One of the most significant cultural developments of recent decades has been the normalization of sexual love between women. This is but one of many cultural revolutions since the 1960s, but it’s an especially profound one. Divorce, promiscuity and male homosexuality were much less common, but they were still familiar. The phenomenon of “lesbianism” was virtually unknown 100 years ago. Women might have intense romantic friendships, but the idea of females making love, shacking up together and forming a permanent lifelong bond had almost no public circulation.
What were once secretive and shameful relationships have been transformed with astounding rapidity into an entire subculture with its own travel agencies, vacation resorts, neighborhoods and popular artists. This subculture has established roots seemingly overnight. It is the direct and inevitable outgrowth of a world view that conceives of male and female as purely anatomical realities and denies spiritual complementarity between the sexes. It reflects the devolution of courtship and married love between men and women. It stems also from something vitally healthy and normal: the craving for intimacy amid the dehumanizing anonymity of modern life.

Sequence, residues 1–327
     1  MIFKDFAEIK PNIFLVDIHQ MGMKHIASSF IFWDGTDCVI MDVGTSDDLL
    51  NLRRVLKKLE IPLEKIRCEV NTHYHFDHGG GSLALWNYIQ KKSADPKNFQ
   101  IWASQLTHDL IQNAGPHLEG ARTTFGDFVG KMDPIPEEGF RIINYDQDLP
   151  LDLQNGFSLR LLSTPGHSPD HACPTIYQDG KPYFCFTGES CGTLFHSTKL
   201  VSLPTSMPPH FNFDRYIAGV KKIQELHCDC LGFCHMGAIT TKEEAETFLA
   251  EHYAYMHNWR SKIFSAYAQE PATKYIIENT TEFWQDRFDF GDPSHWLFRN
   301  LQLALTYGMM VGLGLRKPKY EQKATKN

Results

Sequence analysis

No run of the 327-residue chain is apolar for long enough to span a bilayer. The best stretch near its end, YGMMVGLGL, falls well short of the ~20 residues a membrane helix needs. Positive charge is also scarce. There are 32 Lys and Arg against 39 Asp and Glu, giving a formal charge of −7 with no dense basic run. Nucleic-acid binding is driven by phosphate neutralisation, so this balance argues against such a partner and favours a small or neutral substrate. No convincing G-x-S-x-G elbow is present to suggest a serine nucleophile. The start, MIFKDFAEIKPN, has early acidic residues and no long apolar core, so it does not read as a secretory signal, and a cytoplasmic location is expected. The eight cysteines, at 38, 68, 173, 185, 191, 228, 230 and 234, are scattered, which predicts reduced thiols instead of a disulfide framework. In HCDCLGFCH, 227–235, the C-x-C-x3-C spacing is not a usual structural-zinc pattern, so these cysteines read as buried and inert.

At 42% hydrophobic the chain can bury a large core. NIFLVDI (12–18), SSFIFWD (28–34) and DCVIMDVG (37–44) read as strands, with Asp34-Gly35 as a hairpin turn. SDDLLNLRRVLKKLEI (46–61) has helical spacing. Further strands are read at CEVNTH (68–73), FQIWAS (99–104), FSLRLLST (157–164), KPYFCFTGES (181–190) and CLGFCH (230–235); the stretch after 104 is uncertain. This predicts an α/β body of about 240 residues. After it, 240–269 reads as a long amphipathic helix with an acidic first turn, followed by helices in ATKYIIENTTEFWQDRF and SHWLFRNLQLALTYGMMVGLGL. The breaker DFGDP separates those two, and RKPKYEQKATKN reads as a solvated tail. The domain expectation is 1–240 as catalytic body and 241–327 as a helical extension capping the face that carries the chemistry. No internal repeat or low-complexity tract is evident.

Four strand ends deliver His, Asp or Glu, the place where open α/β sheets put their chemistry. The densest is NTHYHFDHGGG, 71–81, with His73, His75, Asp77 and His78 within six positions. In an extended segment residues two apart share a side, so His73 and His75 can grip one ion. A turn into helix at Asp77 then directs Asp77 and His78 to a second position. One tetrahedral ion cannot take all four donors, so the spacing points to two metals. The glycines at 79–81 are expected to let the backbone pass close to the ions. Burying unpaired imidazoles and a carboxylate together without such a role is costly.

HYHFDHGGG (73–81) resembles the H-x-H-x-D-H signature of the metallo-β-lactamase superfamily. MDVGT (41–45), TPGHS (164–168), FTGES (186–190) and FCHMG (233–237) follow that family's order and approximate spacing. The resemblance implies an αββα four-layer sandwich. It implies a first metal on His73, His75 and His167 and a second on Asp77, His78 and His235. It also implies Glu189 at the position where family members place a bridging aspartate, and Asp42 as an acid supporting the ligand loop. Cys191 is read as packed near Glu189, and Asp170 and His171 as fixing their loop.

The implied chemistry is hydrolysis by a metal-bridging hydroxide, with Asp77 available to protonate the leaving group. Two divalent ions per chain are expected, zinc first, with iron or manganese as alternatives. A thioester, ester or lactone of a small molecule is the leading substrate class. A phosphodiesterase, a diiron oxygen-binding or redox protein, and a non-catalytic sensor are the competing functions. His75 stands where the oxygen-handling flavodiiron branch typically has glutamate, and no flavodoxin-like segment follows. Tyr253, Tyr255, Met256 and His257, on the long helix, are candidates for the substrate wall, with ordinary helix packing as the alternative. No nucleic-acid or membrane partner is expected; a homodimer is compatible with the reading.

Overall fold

But, is this subculture as unshakable as it now appears? It is not. The normalization of lesbianism cannot proceed, and indeed could collapse altogether, without one thing: marriage. Women want families. It is lesbians most of all who are behind the push for same-sex marriage. Yesterday’s passage of a referendum that repeals Maine’s same-sex marriage law is a significant development. The losses have mounted. In all 31 states that have put this issue before the voters, same-sex marriage has been rejected. I’m not suggesting that homosexual activists are about to give up, but the odor of defeat is in the air.
No one can deny that homosexual activists have had their say. The electorate has listened to their side of the story. It has listened patiently and acted with especial kindness and tolerance toward lesbians. As they have moved into neighborhoods and set up their unconventional households, they have not experienced widespread hostility, evictions, or ostracism. They represent a revolution that puzzles many people, but the average person would just as soon not think about it. They don’t seem to be hurting anyone so why object?
But the public has its limits. It does not want lesbians to marry.
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